We started with an inspiring reading. (from “Fierce Conversations” ) and the establishment of a ‘talking piece’ or talking stick. As ‘Circle Keeper, Crystal began with a very controlled circle, limiting responses to short words or phrases from all participating.
10 min. into the RJ Circle: Values: Crystal started with creating a list of values to ask of each participating to move the process forward. She presented a baseline of values, and then passed the stick to add everyone’s contributions to this circles written list of agreed upon values in this RJ circle.
25 min in: Check in : One word to describe your feeling in this moment, offered by each participant.
29 min in; Define ; What community means to you ; a statement, phrase, or word offered by each participant.
39 min in: Elaborate; A role, within this community, that you see is really important to the community, offered by each participant.
49 min. in: The Meat ; I one to three sentences, “What happened in this community?”. All contribute.
“Everything that I have heard, and seen, about what has happened here, has been described here by others.”
69 min. in; Passion ; Crystal; “Who here has a burning desire in their heart or their mind to elaborate upon what has happened in this community, because this circle has been held (in expression) so tightly?” A limited number speak and are listened to, and thanked by the circle.
94 min in; Acknowledgement Crystal;
“ There is so much harm. I want a reflection of what we see and what we hear. To acknowledge that we have been experiencing, and what we have not been alone with over this past period.”
She then asked these questions of the circle one at a time:
- Have you felt harmed by what we have experienced?
- Does it hurt you to see other community members harmed?
- Do you feel vulnerable right now?
- Do you feel accountable for your part in how we got to here?
- Affirm if you believe you have a part in the solution.
These questions were individually affirmed by the raising of hands.
100 minutes in; Deep breaths.
“ What happens, Where do we go from here? We can not fix everything that has happened. We can not restore relationships without everyone present. We can restore what is here, We have not lost our community… what I have seen is that with time ,work, and a commitment to values, and the mirroring of those to each other, a community can be healed. “
101 minutes in; Solutions: One word or phrase that describes what is needed here, to heal what has been broken. Crystal starts with; “To hold each other lovingly accountable” . All contribute.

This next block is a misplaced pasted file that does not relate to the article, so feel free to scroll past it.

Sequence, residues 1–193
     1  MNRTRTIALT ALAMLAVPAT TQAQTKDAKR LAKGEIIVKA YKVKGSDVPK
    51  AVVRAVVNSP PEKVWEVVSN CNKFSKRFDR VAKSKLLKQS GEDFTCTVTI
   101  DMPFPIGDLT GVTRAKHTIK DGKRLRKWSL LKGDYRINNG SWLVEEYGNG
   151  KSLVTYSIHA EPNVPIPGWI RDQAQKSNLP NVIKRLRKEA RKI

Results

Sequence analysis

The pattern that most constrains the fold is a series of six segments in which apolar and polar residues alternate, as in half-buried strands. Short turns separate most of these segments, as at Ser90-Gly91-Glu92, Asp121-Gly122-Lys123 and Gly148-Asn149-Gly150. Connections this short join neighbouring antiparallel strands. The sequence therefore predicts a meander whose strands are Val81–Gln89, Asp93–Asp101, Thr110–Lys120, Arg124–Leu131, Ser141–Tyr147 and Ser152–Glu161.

“ How many people here plan to do what they just said needs to happen? My challenge to each of us is to think of 2-3 of the things said in this last circle (of contributions), and hold yourself lovingly accountable for doing them throughout the year. Make them things that call to you, but, do not pick the easy ones. Community is hard, the reward is great, but it is work. ”
110 minutes in; Collective Agreements ; “In moving forward in the healing and restoration of the safety and trust within this community, what can we agree on as our commitments?” Participants individually contributed specific and accountable ideas, Crystal helped re-frame them and wrote them down. She committed to help re-writing these in a form that can be presented to the HT community for a formal commitment.
135 minutes in; Commitments; Re-reading of assembled list of agreements, preliminary consensus affirming the content of the list is vocalized.
“ I want to acknowledge you all for having the incredible amount of strength to be here. The trust in everything, to open yourselves up, and for having the amount of love that it takes to maintain a community through adversity. I love it. It is an example to me of why I am here on this Earth. Not just here, but on this earth. You are my family . “ All contribute.
160 minutes in; Closing; Crystal reading a poem; “To Live in Community”
It is full of sweetness, yet also lived with bitterness.
True happiness is its goal, but sadness is inevitable.
This is the reality of a community.
Having a binary symphony.
One tune is the music of fulfillment, another a harmony of despondency.
Melancholic and blissful moments give meaning of living together.
It is like making a paper rose,
To complete, it needs both feather and thorns.
We should envision not of uniformity, neither of individuality.
Community life is about the mind and the heart living in union with charity.
To truly live in a community means to serve the totality.
This act prepares one’s path, not only terestrially, but for eternity.
Crystal thanks and honors the circle and offers final words of commitment and encouragement.
This RJ circle ends 164 minutes after it began. Another ten minutes were occupied as nearly every individual hugs and thanks each other individual. Crystal warned us an RJ Circle rarely takes less than two hours. During the ‘workshop’ scheduled for 90 minutes, she repeatedly sought permission at each segment to extend the time alloted in order to properly finish the circle. The power and emotion of many people opening up and sharing, with honesty, grace, and wisdom is impossible to communicate without a personal presence. This is the nature of restoration.
A well run RJ circle creates an ethos of respect, inclusion, accountability and taking responsibility, commitment to relationships, impartiality, being non-judgmental, collaboration, empowerment and emotional expression. It is not for therapy. A ‘Circle Keeper’ is a skilled and learned role that is essential to a successful outcome;
To support our community together and heal the hurt and harm. To restore.
As Harmony Tribe works with their healing, values, and community commitments; future articles will report on their progress. The solidifying and avoidance of conflicts within our Pagan communities can only serve to harm our empowerment as communities. Please explore this Restorative Justice process for its application within yours. The benefits are great.
Crystal recommended reference books about Restorative Justice Peacebuilding:
Little Book Restorative Justice
The Little Book of Circle Processes : A New/Old Approach to Peacemaking
Peacemaking Circles: From Crime to Community